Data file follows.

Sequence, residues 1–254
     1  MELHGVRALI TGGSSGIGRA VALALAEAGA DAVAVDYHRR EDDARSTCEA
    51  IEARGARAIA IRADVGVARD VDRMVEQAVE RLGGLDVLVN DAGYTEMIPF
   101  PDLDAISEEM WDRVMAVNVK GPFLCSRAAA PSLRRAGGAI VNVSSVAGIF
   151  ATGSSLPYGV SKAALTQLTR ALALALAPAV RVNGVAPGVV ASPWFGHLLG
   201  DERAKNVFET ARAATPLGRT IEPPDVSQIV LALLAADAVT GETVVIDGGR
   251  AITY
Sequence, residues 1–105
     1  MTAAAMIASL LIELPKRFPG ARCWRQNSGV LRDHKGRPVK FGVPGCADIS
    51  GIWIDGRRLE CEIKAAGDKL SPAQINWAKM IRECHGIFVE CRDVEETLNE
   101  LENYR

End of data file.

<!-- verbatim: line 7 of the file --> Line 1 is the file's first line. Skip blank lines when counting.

   251  AITY